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Thursday, January 6, 2011

Home Grown Trash Mob

Based on the recommendation of a family member several close relatives of mine decided to switch from regular cigarettes (they now call them "analogs") to the new E-cigarettes ("digital" I guess).

After some extensive research on the web they decided to purchase a brand called "V-2". The V2 brand had, based on their web site, a higher battery rating than all the rest. (Battery rating makes the E-cigarette work better.)

The concept of an e-cigarette is fairly simple: What you see as the "white part" of a cigarette is a battery in an e-cigarette. The "filter part" is really a clever little computerized device (a "cartridge"or "cart"). Basically there is a little reservoir of fluid, a heater, and some electronics. The fluid contains propylene glycol, nicotine, flavoring and other chemicals that, when heated, create a vaporous steam. The steam is what you inhale. Since it has nicotine in it the combination of steam and nicotine simulates a real cigarette. The electronics detect when you inhale and turns on the heater. Smoking an e-cigarette is called "vaping" because you are inhaling vapor - not smoke.

So after some research they decided that V2 was the way to go - they had a complete web site and a full forum for users. The various e-cigarette forums made doing the research vary straightforward.

So they ordered a couple of "ultimate kits" - these were prepackaged collections of everything you need to get started: batteries, carts (the filter part), chargers and so on.

And the problems began...

First off the kits had backordered elements and the ordering process was not real clear on exactly when the backordered elements would arrive. The missing elements were not critical so you could get started - they were just "nice" things to have - like a USB hookup that you could use instead of a battery while sitting at a computer.

Things went pretty well for the first few weeks and some more kits and other things were ordered. However, as this went on the website and company's offerings started to diminish - no doubt due to demand.

So my relatives "hit the forums" to find out what was going on.

Now personally I think that if you have a company and it has, as part of its website, an open forum, you had better do one of two things: A) provide excellent customer service or B) employ Stalin's publicist to ensure things do not get out of line and you always look good regardless of what the actual truth might be.

Things went well on the customer service front initially - everyone was friendly and nice - but not much seemed to be happening as it related to inquiries about back order delivery status and that sort of thing.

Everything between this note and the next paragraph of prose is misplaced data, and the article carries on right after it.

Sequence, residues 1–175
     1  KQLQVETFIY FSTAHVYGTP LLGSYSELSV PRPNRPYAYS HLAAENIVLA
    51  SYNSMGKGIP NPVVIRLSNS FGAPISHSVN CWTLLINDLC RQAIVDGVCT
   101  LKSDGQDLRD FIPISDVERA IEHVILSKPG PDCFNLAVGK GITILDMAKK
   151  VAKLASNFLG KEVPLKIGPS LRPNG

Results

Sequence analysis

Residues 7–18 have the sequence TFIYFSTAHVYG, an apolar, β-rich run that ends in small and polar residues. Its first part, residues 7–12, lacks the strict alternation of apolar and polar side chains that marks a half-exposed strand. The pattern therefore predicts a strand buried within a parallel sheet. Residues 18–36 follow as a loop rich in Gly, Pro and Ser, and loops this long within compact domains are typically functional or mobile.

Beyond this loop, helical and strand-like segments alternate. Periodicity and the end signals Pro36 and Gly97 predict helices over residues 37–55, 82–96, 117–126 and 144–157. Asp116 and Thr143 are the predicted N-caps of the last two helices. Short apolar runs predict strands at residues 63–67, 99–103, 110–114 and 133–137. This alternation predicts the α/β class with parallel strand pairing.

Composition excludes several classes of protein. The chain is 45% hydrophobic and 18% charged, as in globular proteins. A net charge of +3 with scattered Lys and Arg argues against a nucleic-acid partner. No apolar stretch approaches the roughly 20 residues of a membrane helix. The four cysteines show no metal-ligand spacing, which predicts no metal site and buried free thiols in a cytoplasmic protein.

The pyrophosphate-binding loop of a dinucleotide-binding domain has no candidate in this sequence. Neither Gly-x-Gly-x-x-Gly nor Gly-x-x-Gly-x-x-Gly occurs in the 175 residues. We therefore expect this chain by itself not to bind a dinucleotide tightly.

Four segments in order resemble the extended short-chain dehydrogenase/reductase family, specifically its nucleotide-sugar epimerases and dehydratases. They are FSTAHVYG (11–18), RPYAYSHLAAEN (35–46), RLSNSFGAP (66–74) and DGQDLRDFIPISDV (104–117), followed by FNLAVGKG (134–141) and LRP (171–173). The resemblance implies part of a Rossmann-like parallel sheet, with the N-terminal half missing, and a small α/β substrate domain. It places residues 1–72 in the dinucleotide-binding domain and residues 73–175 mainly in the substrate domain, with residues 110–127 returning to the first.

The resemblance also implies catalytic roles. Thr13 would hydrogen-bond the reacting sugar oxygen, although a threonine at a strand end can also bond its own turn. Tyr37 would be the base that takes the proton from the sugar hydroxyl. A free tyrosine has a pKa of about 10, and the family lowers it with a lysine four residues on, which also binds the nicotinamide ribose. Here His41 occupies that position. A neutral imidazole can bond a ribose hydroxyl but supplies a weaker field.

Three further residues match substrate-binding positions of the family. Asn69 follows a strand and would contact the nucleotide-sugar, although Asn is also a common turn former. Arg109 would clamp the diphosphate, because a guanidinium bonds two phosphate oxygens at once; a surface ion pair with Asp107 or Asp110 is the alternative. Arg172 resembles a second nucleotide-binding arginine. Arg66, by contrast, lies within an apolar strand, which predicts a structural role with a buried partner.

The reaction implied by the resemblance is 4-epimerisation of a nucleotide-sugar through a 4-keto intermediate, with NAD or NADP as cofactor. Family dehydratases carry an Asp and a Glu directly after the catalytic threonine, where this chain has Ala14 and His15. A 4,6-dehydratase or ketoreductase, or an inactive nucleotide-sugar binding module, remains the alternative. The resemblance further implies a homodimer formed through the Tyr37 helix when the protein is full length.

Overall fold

And that's when the disgruntled posting began...

Threads were started about issues and company apologists quickly offered meaningless platitudes.

But that's not the straw that broke the camel's back.

All along one of V2's premier advantages was "battery voltage". Now to make this all work the e-cigarette needs a decent battery and a decent battery is measured in Watts. Watts is a measure of work and in the case of a battery its Amp's times Volts, or W = E x I. The more Amps (I) and Volts (E) the more Watts.  The more Watts the longer you can use the battery before recharging.

V2's web site claimed to have a 4.2 volt battery - a full half a volt or so more than anyone else. This would mean less recharging and grief and a longer time away from the charger.

About a week ago it was discovered in the forums (and confirmed by another relative with a multi-meter) that the V2 battery was not 4.2 volts. Apparently someone measured the voltage and it was low - about 3.7 volts - which was what everyone else sells. A few days later the company posted a "correction" on the website indicating that the batteries were, in fact (and since October), only 3.7 volts.

This lit the V2 forum up like a Griswald Christmas with some big amps and volts coming from my house. It also caused open posting on the V2 forum about where equivalent products could be had from competing companies that offered more concise descriptions of their products.

As the posting and complaining began to increase exponentially the V2 forum staff became alarmed - there were customers who had bought a lot of product actively revolting, describing alternate vendors for competing products, and generally not following the company line that V2 was the best thing since sliced bread.

Then it was discovered that the "30 day satisfaction" period began when a partial order was delivered and not when the complete full order was received - so your satisfaction period could run out before you even had everything you ordered.

Next a series of phone calls to ever-escalating levels of staff began.

Displeasure was suggested and it was pointed out that advertising falsely about battery power levels was a "bad thing" and that various "authorities" might be interested in said supposed false advertising.

Finally the truth came out:

"Send your stuff back and we will refund all your money if you agree not to post any more."

The war was over (at least until the refund does not arrive as promised.)

But my guess is that its in fact really over because immediately after the confirming email arrived the entire set of threads regarding all of this quietly vanished.
 Without the forums formal letters would have to be written and Better Business Bureau's and state Attorney General's called.

If your company runs a forum be prepared for a Trash Mob to show up and tell you what they think about you and your product.

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